January 4, 2012

Scripture for Today

Three Arrested for Peddling Miracle Stem Cell Cure

Top Ten LifeSiteNews Culture of Life Stories of 2011

Real “Benjamin Button”? Stem cells reverse aging in mice

Eugene Roddenberry Goes Where Stem Cells Haven’t Gone Before

Some girls overestimate HPV vaccine protection

Raped Mom Who Chose Adoption Meets Daughter 77 Years Later

Do twin embryos help each other survive in IVF?

What the Bible Really Says About Sex – By Pastor Mark Driscoll.

Is Planned Parenthood Texting Your Kids?

Imagine telling your disabled child, “You should never have been born”

Children becoming “addicted” to computers – I don’t know if this is really “news,” but it is a good reminder to keep an eye on how much “screen time” kids have.

10 Ways to Show Kids You Care (from the January 3, 2012 edition of “The Weekly Word published by the Iowa Foster & Adoptive Parents Association)

  1. Play with them.
  2. Stay with them when they’re afraid.
  3. Give them space when they need it.
  4. Show up at their concerts, games and events.
  5. Display their artwork in yourhome.
  6. Tell them how much you like being with them.
  7. Build something together.
  8. Keep the promises you make.
  9. Do what they like to do.
  10. Be sincere.

Russian Christmas Story – This story was forwarded to me by Linda Bartlett who received it from LFL friend Bob Morrison.

In 1994, two Christians were invited to teach children who had been abandoned, abused and left in the care of a government-run orphanage in Russia. Christmas was near, so the visitors told the traditional story to some 100 boys and girls. Throughout the story, the children and staff sat in amazement. Some sat on the edges of their stools trying to grasp every word. When the story was finished, the children were given materials and invited to make a model of the manger. 

When the teachers walked around to see if the children needed any help, one of them reached Misha, a small boy about 6 years old, and were startled to see not one, but two babies in his model of the manger. The teachers asked the child why. Crossing his arms in front of him and looking at his completed manger scene, Misha began to repeat the story very seriously. For such a young boy, who had only heard the Christmas story once, he related the events accurately–until he came to the part where Mary put Jesus in the manger. Then he said:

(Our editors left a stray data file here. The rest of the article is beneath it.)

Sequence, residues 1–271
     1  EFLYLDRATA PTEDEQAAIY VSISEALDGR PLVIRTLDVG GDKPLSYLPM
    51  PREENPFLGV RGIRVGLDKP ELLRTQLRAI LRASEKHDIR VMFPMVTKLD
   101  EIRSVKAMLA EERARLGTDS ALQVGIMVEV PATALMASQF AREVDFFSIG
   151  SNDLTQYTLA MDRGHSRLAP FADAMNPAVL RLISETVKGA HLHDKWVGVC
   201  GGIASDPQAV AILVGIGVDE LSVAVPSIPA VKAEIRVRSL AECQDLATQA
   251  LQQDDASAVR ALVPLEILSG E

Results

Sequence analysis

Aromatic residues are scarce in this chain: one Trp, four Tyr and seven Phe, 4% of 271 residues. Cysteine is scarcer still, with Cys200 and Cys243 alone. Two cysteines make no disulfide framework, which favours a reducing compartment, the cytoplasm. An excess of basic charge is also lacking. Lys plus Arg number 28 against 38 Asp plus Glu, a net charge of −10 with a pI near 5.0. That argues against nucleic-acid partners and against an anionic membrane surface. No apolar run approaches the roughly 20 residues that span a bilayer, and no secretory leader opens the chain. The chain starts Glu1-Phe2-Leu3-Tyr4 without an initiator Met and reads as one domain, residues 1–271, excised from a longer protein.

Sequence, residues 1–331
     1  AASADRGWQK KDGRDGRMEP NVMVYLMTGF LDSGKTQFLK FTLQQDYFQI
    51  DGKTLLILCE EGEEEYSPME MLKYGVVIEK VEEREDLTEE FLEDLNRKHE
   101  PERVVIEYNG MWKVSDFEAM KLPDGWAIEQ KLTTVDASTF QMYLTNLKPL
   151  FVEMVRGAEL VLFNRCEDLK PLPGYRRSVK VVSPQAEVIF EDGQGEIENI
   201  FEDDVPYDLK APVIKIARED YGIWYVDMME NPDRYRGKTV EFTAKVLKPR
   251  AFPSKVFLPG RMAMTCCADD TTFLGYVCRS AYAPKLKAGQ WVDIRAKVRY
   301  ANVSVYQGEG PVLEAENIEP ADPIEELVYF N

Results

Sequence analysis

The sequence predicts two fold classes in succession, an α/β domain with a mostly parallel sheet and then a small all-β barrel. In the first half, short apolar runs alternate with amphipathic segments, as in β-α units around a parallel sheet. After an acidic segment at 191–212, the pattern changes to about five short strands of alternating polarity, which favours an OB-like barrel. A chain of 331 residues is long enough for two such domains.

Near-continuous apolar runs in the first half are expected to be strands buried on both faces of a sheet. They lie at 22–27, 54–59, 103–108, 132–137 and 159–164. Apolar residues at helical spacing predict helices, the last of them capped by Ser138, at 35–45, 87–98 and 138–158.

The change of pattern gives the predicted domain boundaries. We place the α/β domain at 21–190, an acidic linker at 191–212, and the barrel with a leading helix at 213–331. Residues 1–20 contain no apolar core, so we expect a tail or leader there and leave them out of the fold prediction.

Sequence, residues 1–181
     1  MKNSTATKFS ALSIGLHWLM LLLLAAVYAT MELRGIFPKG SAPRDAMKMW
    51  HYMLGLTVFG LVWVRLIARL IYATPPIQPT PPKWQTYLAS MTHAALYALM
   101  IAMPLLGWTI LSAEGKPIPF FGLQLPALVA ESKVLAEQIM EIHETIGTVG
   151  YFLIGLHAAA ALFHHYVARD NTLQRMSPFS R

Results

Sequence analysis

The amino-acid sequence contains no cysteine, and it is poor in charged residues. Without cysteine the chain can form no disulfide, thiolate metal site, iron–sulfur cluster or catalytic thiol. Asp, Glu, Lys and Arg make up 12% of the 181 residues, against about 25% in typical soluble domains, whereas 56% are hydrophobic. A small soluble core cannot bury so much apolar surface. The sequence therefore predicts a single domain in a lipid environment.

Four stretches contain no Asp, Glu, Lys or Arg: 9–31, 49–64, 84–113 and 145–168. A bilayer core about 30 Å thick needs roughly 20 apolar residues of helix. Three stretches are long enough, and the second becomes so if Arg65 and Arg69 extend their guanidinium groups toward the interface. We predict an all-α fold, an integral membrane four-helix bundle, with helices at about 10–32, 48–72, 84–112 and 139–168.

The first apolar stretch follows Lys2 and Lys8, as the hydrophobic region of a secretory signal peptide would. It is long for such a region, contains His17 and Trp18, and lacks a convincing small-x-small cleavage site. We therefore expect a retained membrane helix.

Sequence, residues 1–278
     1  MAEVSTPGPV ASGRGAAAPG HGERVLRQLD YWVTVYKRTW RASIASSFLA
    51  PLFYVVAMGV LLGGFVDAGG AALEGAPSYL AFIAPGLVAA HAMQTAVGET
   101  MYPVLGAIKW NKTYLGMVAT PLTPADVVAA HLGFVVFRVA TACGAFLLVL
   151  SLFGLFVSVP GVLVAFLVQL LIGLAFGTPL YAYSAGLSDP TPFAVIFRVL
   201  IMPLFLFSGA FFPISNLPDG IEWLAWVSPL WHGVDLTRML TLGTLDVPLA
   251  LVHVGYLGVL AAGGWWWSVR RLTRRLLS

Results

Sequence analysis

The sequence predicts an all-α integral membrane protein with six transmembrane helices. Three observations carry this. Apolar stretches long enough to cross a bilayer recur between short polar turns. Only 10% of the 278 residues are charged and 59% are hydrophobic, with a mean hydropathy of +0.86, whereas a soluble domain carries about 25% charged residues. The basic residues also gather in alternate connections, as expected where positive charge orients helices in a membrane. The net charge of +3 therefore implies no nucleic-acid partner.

When Maria laid the baby in the manger, Jesus looked at me and and asked me if I had a place to stay. I told him I have no mamma and no papa, so I don’t have any place to stay. Then Jesus told me I could stay with him. But I told him I couldn’t because I didn’t have a gift to give him like everyone else did. But I wanted to stay with Jesus so much, so I thought about what I had that I could use for a gift. I thought maybe if I kept him warm, that would be a good gift. So I asked Jesus, “If I keep you warm, will that be a good enough gift?” And Jesus told me., “If you keep me warm, that would be the best gift anyone ever gave me.” So I got into the manger, and then Jesus looked at me and told me I could stay with him–always.

As Misha finished his story, his eyes brimmed full of tears that splashed down his cheeks. Putting his hand over his face, his head dropping to the table, his shoulders shook as he sobbed and sobbed. The little orphan had found someone who would never abandon nor abuse him–someone who would stay with him always. 

At that time the disciples came to Jesus and asked, “Who is the greatest in the kingdom of Heaven?” He called a child, set the child in front of them and said, “I tell you this: unless you change and become like children, you will never enter the kingdom of Heaven. Whoever becomes like this child, they will become greatest in the kingdom of Heaven” (Matthew 18:1-4).